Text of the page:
Bill Clinton did it again. On Tuesday, he interjected himself into the ongoing political tussle over the implementation of Obamacare by declaring that President Barack Obama "should honor" his "commitment" to allow people to hang on to their preexisiting health insurance plans. With this comment, the Secretary of Explaining Stuff gave ammo to the foes of Obamacare, and he, unintentionally or not, undermined a core element of the health care law. And, no surprise, he kicked off a spasm of speculation among the politerati: What are the Clintons up to? Will Hillary, if she runs for president, distance herself from the White House? Will she somehow suggest she's more competent than Obama? All this commentary was to be expected. There's something about the Clintons that encourages folks to sniff out clever schemes, intricate plots, and self-serving conniving.
But there's a basic fact that cannot be escaped: The Clintons need Obamacare to succeed. Just look at the chart in the video below:
After Bill Clinton won the presidency in 1992, he placed his wife in charge of health care reform. (It was part of the two-for-one deal.) And she subsequently unveiled a complicated reform plan that was quickly dubbed Hillarycare by Republicans and conservatives. The Clintons did seem to have a decent amount of political momentum on their side, and their GOP foes, fretting about being rolled, initially entertained the crazy idea of working with the White House to hammer out compromises and shape the legislation a bit more to their liking. Then came Sen. Arlen Specter, a cantankerous Pennsylvania Republican (who years later would switch parties). He hit the Senate floor with charts—complicated wire diagrams that appeared nearly impossible to sort out—that purportedly showed that Hillarycare would create a bureaucratic nightmare. It looked incomprehensibly complicated.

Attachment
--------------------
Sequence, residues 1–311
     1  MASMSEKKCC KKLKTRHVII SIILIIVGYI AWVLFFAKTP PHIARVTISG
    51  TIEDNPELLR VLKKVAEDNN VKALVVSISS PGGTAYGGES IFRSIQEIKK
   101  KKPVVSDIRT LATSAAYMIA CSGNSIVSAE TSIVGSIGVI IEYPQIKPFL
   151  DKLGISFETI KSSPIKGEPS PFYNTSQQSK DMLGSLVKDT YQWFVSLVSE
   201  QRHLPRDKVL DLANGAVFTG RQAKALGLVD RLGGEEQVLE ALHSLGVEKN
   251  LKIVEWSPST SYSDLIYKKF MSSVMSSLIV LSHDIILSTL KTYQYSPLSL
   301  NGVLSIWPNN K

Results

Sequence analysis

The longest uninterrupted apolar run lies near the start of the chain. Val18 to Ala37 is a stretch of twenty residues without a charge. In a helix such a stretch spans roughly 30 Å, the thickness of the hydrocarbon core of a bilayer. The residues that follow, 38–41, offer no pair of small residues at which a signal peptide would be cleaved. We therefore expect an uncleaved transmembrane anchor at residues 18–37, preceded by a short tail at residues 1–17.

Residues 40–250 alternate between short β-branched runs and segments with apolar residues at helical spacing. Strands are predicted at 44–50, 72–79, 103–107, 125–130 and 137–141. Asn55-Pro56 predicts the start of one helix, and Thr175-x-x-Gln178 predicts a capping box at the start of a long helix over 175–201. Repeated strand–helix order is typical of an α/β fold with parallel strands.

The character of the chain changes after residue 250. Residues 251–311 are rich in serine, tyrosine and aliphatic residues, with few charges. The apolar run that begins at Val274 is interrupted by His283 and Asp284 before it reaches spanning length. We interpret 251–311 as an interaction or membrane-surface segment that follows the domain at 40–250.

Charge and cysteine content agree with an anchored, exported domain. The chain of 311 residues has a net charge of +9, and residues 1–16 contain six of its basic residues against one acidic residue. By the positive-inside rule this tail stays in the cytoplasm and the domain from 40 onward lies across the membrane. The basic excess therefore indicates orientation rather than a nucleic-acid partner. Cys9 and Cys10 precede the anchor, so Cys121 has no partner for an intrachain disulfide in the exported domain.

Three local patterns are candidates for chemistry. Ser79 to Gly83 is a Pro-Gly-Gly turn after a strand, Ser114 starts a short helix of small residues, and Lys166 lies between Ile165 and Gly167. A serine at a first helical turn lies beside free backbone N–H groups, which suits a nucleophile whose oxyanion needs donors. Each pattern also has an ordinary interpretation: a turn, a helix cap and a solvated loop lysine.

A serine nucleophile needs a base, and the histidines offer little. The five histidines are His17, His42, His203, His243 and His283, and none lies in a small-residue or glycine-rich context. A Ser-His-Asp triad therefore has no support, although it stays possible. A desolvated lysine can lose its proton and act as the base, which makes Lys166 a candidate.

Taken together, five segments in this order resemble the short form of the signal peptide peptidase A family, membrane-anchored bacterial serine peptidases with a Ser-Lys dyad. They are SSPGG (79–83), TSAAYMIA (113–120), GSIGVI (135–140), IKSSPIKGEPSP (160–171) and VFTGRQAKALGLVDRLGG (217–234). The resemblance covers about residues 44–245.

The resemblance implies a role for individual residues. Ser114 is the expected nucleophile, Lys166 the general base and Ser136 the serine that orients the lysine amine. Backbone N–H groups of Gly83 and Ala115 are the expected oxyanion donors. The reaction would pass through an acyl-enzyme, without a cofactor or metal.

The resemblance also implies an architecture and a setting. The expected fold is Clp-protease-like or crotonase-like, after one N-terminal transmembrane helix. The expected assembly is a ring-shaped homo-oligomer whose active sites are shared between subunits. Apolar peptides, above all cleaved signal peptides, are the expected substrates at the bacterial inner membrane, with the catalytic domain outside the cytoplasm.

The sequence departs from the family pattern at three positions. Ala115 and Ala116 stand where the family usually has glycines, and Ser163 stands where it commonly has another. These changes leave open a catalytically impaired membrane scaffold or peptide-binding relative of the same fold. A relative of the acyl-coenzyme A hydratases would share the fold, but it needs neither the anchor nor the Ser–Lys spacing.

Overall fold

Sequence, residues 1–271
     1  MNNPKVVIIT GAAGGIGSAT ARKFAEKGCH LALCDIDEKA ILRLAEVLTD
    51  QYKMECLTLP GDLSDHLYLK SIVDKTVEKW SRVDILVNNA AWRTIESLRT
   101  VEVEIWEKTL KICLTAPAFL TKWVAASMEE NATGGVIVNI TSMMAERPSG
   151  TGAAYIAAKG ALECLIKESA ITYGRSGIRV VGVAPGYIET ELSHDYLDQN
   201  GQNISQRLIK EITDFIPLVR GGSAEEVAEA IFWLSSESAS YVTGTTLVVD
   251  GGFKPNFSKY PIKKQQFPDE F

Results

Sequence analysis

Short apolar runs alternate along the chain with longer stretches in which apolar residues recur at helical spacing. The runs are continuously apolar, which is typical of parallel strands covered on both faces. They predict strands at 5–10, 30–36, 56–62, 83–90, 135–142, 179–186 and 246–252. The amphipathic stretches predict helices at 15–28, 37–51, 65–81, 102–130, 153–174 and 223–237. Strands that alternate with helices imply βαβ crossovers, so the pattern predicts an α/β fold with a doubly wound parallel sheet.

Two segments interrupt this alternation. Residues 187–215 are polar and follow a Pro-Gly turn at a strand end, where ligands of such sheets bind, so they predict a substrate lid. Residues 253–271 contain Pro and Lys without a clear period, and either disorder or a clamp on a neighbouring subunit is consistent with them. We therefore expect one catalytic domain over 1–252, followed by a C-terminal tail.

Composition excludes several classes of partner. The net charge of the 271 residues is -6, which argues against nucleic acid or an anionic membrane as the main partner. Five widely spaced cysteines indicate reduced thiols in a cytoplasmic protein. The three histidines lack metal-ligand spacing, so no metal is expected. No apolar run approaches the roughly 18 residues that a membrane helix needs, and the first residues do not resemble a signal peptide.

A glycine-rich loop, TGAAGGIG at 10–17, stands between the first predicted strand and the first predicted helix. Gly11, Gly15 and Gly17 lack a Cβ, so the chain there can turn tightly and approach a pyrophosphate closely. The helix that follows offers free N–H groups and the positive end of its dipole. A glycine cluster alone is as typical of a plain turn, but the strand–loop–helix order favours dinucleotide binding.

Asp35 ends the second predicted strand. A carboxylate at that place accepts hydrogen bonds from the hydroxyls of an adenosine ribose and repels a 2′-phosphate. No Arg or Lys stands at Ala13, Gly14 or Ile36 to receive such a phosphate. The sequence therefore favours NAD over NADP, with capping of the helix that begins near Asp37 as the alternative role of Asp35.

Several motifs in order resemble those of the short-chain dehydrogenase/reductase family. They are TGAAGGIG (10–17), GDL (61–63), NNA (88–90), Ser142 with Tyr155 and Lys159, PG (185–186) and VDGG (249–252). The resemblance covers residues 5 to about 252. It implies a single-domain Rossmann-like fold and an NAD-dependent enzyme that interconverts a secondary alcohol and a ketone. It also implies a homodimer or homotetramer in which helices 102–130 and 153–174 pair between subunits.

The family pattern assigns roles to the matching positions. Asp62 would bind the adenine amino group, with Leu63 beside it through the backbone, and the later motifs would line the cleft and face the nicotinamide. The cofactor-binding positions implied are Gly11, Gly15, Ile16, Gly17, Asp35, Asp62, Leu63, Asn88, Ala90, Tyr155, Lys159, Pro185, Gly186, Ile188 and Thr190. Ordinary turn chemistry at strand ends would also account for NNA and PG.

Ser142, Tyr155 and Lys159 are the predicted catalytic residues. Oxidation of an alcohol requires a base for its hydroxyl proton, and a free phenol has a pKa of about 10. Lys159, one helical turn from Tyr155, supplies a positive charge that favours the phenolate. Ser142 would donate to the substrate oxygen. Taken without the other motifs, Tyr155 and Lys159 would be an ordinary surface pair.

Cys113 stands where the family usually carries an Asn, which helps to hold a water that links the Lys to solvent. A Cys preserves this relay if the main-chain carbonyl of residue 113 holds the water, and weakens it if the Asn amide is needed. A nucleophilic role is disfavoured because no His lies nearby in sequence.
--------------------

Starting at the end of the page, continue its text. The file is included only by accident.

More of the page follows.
Meanwhile, Rep. Dick Armey, a leading House Republican, created his own chart:
Armey's office captioned the chart, "Simplicity Defined." Dole showcased it in his 1994 response to Clinton's State of the Union address.
After first toying with a get-along strategy for dealing with Hillarycare, the Republicans mounted a fierce opposition against it, and these charts fueled that effort (along with the Harry and Louise ad campaign orchestrated by the health insurance industry). Waving these charts, the GOPers succeeded in killing Hillarycare—and, decrying the Clintons' health care proposal, they went on to seize control of the House in the 1994 midterm elections.
Hillarycare ended up a political failure and set back the cause of health care reform for nearly two decades. It's not an episode that Hillary Clinton would want discussed during a 2016 presidential campaign. If Obamacare thrives, there will be no reason to look back to Hillarycare and drag these charts out of the dustbin of history. But should the Affordable Care Act falter or collapse, a question will loom: What would Hillary do about health care? Her past record would be raked over and that would likely not boost her presidential prospects. Having screwed up in the early 1990s, could she argue that she would do a better job in reforming the health care system than Obama?
It would be best for a Clinton 2016 campaign for health care to be off the table—with no need to revisit all this inconvenient ancient history. That means she and Bill should be hoping that the implementation of Obamacare proceeds well—and they should do all they can to encourage that. So Bill Clinton ought to coordinate (closely) with the White House on what stuff he should be explaining. It's not only the president's political fortunes that are tied to Obamacare.